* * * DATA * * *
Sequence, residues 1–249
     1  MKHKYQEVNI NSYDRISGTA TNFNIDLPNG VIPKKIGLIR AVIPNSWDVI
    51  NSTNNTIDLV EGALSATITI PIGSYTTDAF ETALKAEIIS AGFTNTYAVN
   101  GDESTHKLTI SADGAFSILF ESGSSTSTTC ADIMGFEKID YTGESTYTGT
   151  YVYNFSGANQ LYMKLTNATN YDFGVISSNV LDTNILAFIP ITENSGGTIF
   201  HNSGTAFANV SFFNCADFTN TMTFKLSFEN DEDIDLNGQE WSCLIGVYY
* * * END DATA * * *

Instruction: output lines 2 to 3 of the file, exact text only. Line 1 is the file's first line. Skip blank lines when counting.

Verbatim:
     1  MKHKYQEVNI NSYDRISGTA TNFNIDLPNG VIPKKIGLIR AVIPNSWDVI
    51  NSTNNTIDLV EGALSATITI PIGSYTTDAF ETALKAEIIS AGFTNTYAVN